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Title: THE RESILIENCE OF UPLAND-OAK FOREST CANOPY TREES TO CHRONIC AND ACUTE PRECIPITATION MANIPULATIONS

Abstract

Implications of chronic ( 33 percent) and acute (-100 percent) precipitation change were evaluated for trees of upland-oak forests of the eastern United States. Chronic manipulations have been conducted since 1993, and acute manipulations of dominant canopy trees (Quercus prinus; Liriodendron tulipifera) were initiated in 2003. Through 12 years of chronic manipulations tree growth remained unaffected by natural or induced rainfall deficits even though severe drought conditions dramatically reduced canopy function in some years. The resilience of canopy trees to chronic-change was the result of a disconnect between tree growth phenology and late-season drought occurrence. Acute precipitation exclusion from the largest canopy trees also produced limited growth reductions from 2003 through 2005. Elimination of lateral root water sources for the acute treatment trees, via trenching midway through the 2004 growing-season, forced the conclusion that deep rooting was a key mechanism for large-tree resilience to severe drought.

Authors:
 [1];  [1];  [1];  [1];  [2]
  1. ORNL
  2. University of Tennessee, Knoxville (UTK)
Publication Date:
Research Org.:
Oak Ridge National Lab. (ORNL), Oak Ridge, TN (United States); Oak Ridge National Environmental Research Park
Sponsoring Org.:
USDOE Office of Science (SC)
OSTI Identifier:
930814
DOE Contract Number:  
DE-AC05-00OR22725
Resource Type:
Conference
Resource Relation:
Conference: 15th Central Hardwood Forest Conference, Knoxville, TN, USA, 20060227, 20060301
Country of Publication:
United States
Language:
English
Subject:
60 APPLIED LIFE SCIENCES; DROUGHTS; FORESTS; OAKS; PHENOLOGY; ATMOSPHERIC PRECIPITATIONS; PLANT GROWTH; ROOTS; DEPTH

Citation Formats

Hanson, Paul J, Tschaplinski, Timothy J, Wullschleger, Stan D, Todd Jr, Donald E, and Auge, Robert M. THE RESILIENCE OF UPLAND-OAK FOREST CANOPY TREES TO CHRONIC AND ACUTE PRECIPITATION MANIPULATIONS. United States: N. p., 2007. Web.
Hanson, Paul J, Tschaplinski, Timothy J, Wullschleger, Stan D, Todd Jr, Donald E, & Auge, Robert M. THE RESILIENCE OF UPLAND-OAK FOREST CANOPY TREES TO CHRONIC AND ACUTE PRECIPITATION MANIPULATIONS. United States.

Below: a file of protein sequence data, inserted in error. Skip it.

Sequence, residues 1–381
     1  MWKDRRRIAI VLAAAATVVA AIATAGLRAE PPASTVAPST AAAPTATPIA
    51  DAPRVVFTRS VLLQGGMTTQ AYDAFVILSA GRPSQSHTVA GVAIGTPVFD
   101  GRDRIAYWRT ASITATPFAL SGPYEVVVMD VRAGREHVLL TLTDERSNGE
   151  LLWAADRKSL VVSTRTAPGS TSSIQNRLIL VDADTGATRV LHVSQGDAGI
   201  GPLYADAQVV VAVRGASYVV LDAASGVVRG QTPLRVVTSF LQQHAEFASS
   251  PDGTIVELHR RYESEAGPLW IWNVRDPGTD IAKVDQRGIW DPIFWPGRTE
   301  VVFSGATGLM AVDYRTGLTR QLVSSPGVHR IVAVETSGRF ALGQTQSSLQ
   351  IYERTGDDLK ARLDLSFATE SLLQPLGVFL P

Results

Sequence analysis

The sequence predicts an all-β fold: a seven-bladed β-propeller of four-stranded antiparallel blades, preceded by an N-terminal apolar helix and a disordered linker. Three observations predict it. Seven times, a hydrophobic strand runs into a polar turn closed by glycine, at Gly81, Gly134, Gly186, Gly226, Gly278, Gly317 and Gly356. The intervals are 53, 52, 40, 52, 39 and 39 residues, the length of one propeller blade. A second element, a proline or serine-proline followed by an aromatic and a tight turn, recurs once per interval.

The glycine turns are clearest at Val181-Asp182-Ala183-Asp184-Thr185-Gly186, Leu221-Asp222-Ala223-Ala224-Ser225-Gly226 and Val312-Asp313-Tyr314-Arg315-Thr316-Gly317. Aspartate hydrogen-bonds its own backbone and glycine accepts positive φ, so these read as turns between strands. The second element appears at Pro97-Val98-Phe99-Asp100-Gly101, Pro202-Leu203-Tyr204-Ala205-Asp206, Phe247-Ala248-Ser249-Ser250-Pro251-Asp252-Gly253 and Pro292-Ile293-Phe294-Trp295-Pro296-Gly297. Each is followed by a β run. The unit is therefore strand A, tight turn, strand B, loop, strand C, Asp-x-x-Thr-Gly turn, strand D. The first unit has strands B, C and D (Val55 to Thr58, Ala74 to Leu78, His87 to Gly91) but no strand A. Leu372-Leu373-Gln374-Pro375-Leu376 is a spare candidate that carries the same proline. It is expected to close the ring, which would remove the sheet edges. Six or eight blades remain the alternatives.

Hanson, Paul J, Tschaplinski, Timothy J, Wullschleger, Stan D, Todd Jr, Donald E, and Auge, Robert M. Mon . "THE RESILIENCE OF UPLAND-OAK FOREST CANOPY TREES TO CHRONIC AND ACUTE PRECIPITATION MANIPULATIONS". United States. doi:.
@article{osti_930814,
title = {THE RESILIENCE OF UPLAND-OAK FOREST CANOPY TREES TO CHRONIC AND ACUTE PRECIPITATION MANIPULATIONS},
author = {Hanson, Paul J and Tschaplinski, Timothy J and Wullschleger, Stan D and Todd Jr, Donald E and Auge, Robert M.},
abstractNote = {Implications of chronic ( 33 percent) and acute (-100 percent) precipitation change were evaluated for trees of upland-oak forests of the eastern United States. Chronic manipulations have been conducted since 1993, and acute manipulations of dominant canopy trees (Quercus prinus; Liriodendron tulipifera) were initiated in 2003. Through 12 years of chronic manipulations tree growth remained unaffected by natural or induced rainfall deficits even though severe drought conditions dramatically reduced canopy function in some years. The resilience of canopy trees to chronic-change was the result of a disconnect between tree growth phenology and late-season drought occurrence. Acute precipitation exclusion from the largest canopy trees also produced limited growth reductions from 2003 through 2005. Elimination of lateral root water sources for the acute treatment trees, via trenching midway through the 2004 growing-season, forced the conclusion that deep rooting was a key mechanism for large-tree resilience to severe drought.},
doi = {},
journal = {},
number = ,
volume = ,
place = {United States},
year = {Mon Jan 01 00:00:00 EST 2007},
month = {Mon Jan 01 00:00:00 EST 2007}
}

Conference:
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